Monday, April 15, 2013

Gospel Broadcasts Reinforced As War Threats Loom

TWR offers messages of hope and peace to embattled listeners in North Korea

By Jeremy Reynalds
Senior Correspondent for ASSIST News Service

CARY, N.C. (ANS) -- While war drums pound loudly in the foreground of daily news reports, in the background a message of peace and hope connects North Korea and Guam.
TWR's powerful transmitter site on the Pacific island of Guam broadcasts biblical messages of hope and peace to North Korea every day.

According to a news release from Trans World Radio (TWR), world tensions entangling the Korean peninsula and the United States have spilled over to the tiny island of Guam, home to international media ministry TWR's 100,000-watt transmitter site.

TWR beams shortwave messages of biblical reconciliation to people who are hungering for God's love rather than political confrontation.

TWR said the Guam site already broadcasts several hours of gospel programming every week to North Korea, where the government maintains strict controls on the media and persecution of Christians is reportedly severe.

Today, though, the escalated saber rattling is spurring TWR's regional and national offices, in concert with partner Child Evangelism Fellowship of South Korea, to redouble efforts to air three new programs in response to the spiritual needs of North Koreans.

TWR said Gospel Train for Children will help North Korean parents pass on the Good News.
Let's Talk About Something will work to connect with nonbelievers and brand-new believers to promote a positive attitude toward hearing more of the Bible story via TWR broadcasts.

Teacher's Institute, produced by CEF-Korea, will train Sunday school teachers and other church leaders to teach the Bible to children.

As TWR Asia strives to raise the necessary additional funding to put the new programs on the air, reports from North Korean believers have emerged about life on a wartime footing.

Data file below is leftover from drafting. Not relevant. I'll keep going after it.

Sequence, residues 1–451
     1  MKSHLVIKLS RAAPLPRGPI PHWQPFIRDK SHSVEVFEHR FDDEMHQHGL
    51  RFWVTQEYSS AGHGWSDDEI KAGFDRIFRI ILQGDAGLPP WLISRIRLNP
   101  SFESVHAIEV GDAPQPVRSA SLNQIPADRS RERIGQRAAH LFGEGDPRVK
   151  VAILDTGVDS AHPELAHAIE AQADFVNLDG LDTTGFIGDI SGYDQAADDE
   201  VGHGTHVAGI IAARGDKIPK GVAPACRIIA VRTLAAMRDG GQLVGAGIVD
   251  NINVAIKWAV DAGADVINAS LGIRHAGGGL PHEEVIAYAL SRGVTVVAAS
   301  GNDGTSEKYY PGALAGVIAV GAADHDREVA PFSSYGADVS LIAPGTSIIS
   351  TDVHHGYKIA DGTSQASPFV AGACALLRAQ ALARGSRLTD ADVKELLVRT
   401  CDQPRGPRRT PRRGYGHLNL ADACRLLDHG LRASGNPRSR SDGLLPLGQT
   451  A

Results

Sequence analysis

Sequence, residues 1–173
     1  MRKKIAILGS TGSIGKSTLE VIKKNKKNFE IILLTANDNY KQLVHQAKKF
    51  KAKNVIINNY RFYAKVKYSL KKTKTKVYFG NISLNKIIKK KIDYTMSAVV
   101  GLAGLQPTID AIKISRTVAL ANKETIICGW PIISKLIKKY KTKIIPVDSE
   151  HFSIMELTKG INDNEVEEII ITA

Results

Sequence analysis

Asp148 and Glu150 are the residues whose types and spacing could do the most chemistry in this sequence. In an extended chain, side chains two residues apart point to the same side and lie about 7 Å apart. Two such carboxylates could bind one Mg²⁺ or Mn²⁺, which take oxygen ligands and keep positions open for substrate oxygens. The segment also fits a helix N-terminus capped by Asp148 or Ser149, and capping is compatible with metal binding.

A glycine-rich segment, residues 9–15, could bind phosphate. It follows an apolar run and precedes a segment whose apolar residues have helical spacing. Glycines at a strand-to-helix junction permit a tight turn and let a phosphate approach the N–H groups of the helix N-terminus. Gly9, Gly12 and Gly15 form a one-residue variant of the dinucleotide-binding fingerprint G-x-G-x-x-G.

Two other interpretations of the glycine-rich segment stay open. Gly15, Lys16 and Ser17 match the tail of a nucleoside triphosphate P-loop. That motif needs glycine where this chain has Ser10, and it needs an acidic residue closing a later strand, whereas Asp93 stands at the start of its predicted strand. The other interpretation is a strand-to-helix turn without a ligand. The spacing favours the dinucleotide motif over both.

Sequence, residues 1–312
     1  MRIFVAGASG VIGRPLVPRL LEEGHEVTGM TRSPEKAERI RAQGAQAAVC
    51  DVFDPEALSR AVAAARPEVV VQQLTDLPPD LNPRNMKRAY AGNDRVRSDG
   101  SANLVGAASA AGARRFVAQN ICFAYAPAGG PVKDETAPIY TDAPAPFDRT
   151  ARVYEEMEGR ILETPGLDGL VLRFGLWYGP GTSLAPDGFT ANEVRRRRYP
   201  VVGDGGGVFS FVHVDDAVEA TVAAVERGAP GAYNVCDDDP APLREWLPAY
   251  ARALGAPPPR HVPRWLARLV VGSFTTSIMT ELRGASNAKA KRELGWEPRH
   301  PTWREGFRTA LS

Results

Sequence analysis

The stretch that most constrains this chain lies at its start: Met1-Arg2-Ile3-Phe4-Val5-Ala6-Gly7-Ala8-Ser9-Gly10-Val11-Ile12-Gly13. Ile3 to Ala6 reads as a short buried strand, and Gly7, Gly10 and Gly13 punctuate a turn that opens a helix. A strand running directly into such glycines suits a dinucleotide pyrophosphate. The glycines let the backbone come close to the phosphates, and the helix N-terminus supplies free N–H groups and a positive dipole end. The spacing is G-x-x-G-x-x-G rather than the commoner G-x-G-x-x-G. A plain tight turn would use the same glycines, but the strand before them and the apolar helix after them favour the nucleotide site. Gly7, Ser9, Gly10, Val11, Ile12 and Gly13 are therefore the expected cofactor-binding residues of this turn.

TWR said Open Doors, a nonprofit organization that supports persecuted believers around the world, recently reported on a smuggled letter in which underground Christians said prices for food and other goods are skyrocketing as people stock up on emergency supplies.

"I would like to thank the many brothers and sisters around the world for their continuous love and support," TWR said Open Doors quoted one North Korean believer as saying.

The believer continued, "We know that our journey will not be an easy one, but we are sure that our faith, desperate hope and passionate desire will someday bear fruit . Please pray for us."

TWR is working to build financial support for what it calls the North Korea project and counter the swirling rumors of war, as it tells and retells the story of the God-man who taught his followers to "love your enemies."

In response to TWR broadcasts, one North Korean listener wrote, "When we listen to your program every night, we are encouraged and find life worth living. If not for the Word of God, and your love and devotion in the midst of our sufferings, our lives would be dark and hopeless."

TWR said another listener shared, "TWR's Korean broadcasts help me keep the faith and understand God's Word more and more. I never forget you and your team in my prayers, as you are serving God by broadcasting His Word to us, day and night . Please do not stop these programs, for they give us the hope of God."

Speaking fluently in more than 200 languages and dialects, TWR exists to reach the world for Jesus Christ. Its global media outreach engages millions in 160 countries with biblical truth. Since 1952, God has enabled TWR to help lead people from doubt to decision to discipleship.

To be a part of the North Korean outreach or to learn more about the project,

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